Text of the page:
If you rule that theory out, and I’m not sure we can entirely, then the second most plausible theory is that McConnell is not doing well and needs to retire.
America has a gerontocracy problem.
While there is no federal mandatory retirement age in America, air traffic controllers are required to retire at 56. Airline pilots at 60. In Florida, 70 is the retirement age for Supreme Court Justices. And no judge in Michigan can run for election after the age of 70. There is a minimum age limit for a lot of things. Americans can’t run for Congress before the age of 25, can’t run for Senate before the age of 30, and can’t run for the presidency before the age of 35, but there seems to be no limit to how long someone can hold onto power.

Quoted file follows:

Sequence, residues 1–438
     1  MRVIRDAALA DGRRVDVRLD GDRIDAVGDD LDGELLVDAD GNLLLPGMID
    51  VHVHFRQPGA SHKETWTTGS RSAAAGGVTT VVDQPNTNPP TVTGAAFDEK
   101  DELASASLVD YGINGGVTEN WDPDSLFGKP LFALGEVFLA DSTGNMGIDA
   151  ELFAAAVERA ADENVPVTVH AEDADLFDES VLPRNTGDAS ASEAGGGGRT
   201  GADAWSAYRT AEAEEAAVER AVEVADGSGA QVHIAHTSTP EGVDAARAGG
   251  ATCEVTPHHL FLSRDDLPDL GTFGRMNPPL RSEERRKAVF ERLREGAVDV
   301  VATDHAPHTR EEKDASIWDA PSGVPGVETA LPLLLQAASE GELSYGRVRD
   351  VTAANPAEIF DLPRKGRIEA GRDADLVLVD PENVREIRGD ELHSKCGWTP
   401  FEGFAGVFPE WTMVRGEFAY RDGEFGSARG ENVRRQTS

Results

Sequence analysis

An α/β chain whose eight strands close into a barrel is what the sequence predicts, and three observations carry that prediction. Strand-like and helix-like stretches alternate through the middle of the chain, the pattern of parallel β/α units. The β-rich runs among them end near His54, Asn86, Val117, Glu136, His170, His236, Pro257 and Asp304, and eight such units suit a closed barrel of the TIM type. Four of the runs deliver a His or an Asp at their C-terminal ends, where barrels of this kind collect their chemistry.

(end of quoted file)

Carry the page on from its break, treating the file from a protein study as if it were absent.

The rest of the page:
The average age of Americans is 38.8 years old, but the average age of House lawmakers is 57.9 and the median age for Senators is 65.3. Chuck Grassley is 89 years old. Dianne Feinstein is 90. Bernie Sanders is 81. Of the 435 current House lawmakers, 15 are 80 or older. Joe Biden is 80. Donald Trump is 77.
I don’t want to debate mental fitness. I think those standards can be used in ways that are both ageist, sexist, and ableist.2
The reality is, that at its heart, the true problem with gerontocracy is that the people in power remember an America that simply no longer exists. Homes are no longer affordable. You can’t work a minimum-wage job and make ends meet. In 1975 the average cost of a year of college, for tuition room and board was $2,275. Today, the average cost of attendance for a student living on campus at a public 4-year in-state institution is $26,027. Not only do the bootstraps that worked to pull someone up in 1950 no longer work, but the entire shoe has rotted out.